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Android L – Rerouting Google…

The thing that will strike you the most in Android L is the new design. Holo, the much appreciated user interface that appeared in Android 3.0 (codename Honeycomb), and which suffered several revisions up until now, has finally got a successor. Android fans, meet the awkwardly named Material Design. The idea that stands at the base of Material Design is not how the software should look, nor how it should interact with the user. Instead, Google’s designers started by asking themselves what software is made of. That’s how they came up with a comprehensive set of guidelines, ready to help any developer build an application.

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That’s an application that’s meant to run not just on smartphones or tablets, but on any type of device that’s powered by Google’s software. Take for example Chrome OS, or the more recently announced Android Wear, Android Auto or Android TV. That’s right, Google’s not trying to figure out how to build an user interface just for wearables, or just for phones, they’re trying to build an a set of user interface guidelines applicable to all types of devices. You’ll instantly know you’re using Google software, and you’ll instantly know how. This is reminiscent of Microsoft’s Modern UI, which spans from Windows Phone all the way to Windows 8 Pro and Xbox One. As you’ve heard multiple times already, this is not a product battle, this is an ecosystem battle between the tech giants.

So how on earth do they think they can cover all screen sizes and shapes, plus multiple input methods? It’s very simple actually, as the guidelines don’t speak in specific, technical terms. They don’t mention which panel should go where, what color it should be. Instead, the guidelines present means of putting the information on the screen. “Sheets” containing said information stack up in vertical hierarchies, while meaningful transitions direct user’s focus and give elements importance. Soft shadows, colorful backgrounds and large hero images do make a beautiful interface; one that looks nice, but isn’t very hard to design and build. Animations are a big part of Material Design and this gives Android a playful, fresh new look.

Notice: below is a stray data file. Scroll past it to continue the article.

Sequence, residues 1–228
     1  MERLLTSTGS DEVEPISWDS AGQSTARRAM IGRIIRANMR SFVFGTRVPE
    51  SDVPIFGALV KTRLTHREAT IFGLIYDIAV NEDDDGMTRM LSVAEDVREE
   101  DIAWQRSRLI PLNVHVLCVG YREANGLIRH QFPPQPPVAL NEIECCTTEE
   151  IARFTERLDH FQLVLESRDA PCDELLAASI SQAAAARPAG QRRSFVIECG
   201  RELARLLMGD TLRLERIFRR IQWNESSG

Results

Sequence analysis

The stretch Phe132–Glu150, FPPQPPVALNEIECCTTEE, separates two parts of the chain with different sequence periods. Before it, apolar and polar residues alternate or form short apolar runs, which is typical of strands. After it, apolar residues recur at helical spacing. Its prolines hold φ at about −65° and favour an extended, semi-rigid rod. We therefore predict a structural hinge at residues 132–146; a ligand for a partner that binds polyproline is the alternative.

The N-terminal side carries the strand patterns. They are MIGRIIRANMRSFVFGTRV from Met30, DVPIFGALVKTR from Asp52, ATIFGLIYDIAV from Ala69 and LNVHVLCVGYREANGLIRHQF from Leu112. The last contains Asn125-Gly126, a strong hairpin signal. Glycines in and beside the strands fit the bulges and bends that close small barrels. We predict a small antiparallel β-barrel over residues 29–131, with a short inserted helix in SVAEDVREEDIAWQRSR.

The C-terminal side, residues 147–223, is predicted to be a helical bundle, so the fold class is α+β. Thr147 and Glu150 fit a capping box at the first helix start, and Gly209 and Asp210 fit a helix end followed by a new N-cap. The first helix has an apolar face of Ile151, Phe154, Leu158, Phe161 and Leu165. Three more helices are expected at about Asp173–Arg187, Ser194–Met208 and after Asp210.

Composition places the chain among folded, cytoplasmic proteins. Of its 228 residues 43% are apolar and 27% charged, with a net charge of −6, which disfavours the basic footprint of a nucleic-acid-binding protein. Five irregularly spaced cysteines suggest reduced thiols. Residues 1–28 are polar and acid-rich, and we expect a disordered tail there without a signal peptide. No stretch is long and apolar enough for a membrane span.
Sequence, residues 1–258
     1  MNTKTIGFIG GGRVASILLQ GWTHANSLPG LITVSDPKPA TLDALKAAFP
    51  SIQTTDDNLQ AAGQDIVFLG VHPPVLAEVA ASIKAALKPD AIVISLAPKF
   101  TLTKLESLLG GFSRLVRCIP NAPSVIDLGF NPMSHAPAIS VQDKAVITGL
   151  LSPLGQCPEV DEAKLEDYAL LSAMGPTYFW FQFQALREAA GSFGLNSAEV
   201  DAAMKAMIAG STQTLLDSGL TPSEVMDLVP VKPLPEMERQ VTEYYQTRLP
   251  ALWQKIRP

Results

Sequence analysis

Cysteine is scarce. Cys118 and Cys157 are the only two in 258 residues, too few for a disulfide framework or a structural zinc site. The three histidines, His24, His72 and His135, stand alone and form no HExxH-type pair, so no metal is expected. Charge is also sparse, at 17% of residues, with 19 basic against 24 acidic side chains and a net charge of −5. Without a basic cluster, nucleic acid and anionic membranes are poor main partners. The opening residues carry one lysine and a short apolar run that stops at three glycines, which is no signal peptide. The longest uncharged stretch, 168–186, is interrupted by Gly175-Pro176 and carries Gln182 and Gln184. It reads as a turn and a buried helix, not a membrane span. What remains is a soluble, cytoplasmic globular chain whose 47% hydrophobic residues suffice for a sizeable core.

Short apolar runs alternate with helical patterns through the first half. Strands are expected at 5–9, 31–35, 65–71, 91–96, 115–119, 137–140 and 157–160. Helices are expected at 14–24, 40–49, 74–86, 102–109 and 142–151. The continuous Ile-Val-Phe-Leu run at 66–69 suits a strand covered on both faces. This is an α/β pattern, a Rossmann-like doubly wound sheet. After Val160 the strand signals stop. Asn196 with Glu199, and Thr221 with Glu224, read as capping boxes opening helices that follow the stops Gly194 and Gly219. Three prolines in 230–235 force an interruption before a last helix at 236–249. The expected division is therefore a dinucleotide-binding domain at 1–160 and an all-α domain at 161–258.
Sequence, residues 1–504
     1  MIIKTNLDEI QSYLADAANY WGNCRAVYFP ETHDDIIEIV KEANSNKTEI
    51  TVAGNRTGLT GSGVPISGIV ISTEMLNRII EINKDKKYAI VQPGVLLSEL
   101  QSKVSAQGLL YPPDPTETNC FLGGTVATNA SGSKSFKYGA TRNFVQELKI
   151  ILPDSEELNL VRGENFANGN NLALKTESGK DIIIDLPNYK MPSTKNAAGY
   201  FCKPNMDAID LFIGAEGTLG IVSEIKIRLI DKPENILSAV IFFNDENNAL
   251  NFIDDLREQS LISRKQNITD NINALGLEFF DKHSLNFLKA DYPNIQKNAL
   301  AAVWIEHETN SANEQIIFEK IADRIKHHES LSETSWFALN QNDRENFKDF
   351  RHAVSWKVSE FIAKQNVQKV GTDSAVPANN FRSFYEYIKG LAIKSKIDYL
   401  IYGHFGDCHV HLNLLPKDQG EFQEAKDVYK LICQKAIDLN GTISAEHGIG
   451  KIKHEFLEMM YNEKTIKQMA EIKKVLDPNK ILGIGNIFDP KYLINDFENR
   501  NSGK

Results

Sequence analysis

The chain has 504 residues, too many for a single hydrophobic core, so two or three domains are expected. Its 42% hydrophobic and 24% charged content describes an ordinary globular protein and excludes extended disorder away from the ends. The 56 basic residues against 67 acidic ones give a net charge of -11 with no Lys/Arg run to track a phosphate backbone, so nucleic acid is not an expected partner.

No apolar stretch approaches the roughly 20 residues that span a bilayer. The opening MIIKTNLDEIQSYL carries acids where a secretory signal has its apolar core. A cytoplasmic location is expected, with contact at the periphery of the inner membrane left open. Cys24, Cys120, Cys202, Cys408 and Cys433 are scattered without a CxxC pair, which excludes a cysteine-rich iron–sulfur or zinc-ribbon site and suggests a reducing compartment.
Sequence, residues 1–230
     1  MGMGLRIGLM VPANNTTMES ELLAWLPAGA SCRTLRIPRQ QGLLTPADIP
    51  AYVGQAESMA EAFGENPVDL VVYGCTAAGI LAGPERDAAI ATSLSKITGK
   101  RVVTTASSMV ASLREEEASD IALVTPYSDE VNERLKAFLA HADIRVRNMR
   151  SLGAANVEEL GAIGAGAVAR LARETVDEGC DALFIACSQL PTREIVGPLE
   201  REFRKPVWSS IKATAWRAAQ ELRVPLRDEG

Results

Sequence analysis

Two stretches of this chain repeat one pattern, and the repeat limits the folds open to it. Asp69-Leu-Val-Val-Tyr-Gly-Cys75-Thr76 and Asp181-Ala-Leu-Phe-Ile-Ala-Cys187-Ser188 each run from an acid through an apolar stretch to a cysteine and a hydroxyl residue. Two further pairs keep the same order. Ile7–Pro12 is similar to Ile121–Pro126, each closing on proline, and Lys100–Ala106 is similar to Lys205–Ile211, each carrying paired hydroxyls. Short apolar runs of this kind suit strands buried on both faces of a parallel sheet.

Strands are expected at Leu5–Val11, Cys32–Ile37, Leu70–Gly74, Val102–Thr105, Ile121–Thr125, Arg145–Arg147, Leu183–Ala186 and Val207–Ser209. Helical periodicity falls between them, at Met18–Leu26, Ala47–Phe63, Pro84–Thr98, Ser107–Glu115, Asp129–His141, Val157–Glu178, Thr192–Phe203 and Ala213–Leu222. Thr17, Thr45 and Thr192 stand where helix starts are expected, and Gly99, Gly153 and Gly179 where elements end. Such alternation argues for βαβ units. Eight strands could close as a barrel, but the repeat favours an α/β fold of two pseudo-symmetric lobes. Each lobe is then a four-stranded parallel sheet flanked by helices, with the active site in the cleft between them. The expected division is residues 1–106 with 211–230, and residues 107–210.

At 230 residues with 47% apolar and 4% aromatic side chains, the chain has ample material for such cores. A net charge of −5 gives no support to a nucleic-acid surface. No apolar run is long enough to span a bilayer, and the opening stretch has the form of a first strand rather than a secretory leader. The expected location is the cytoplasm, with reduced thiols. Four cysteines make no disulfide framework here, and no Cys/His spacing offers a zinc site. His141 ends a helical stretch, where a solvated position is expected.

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I cannot ignore the similarities between Google’s, Microsoft’s and Apple’s user experience guidelines, since they tell pretty much the same story: design isn’t about making things look pretty, it’s about making interaction with them seem natural and easy. That’s why all these three platforms are sprinkled with animations, little touches all over the interface and have colorful screens. I for one am very intrigued because all these companies see the user experience in the same way. And they’ve built their software around the same basic principles, but each one has its own look an feel, including Android L.

Its pre-Material Design roots are obvious in this Developer Preview instalment, but that’s not a bad thing. Google’s trying to keep old users happy and avoid having a Windows 8 fiasco. This pre-release version, except its general UI, has only three applications updated in order to comply with the Material Design theme: Calculator, Phone and Settings. As you can see from the screenshots below, they don’t seem to be all that different from their predecessors, a simple color scheme change isn’t enough to call it a new design. But once you’ve looked at the screenshots, go and play the screen captures below, to see just how many animations and subtle transitions happen when the users interacts with the device. Specific ripples appear when the user touches the screen, icons stretch out as they’re about to activate and information appears and hides with meaningful transitions so you know what just happened.

It’s all very nice, but you really have to see it in action in order to understand how different it really is. Head over to the next page if you’re interested.

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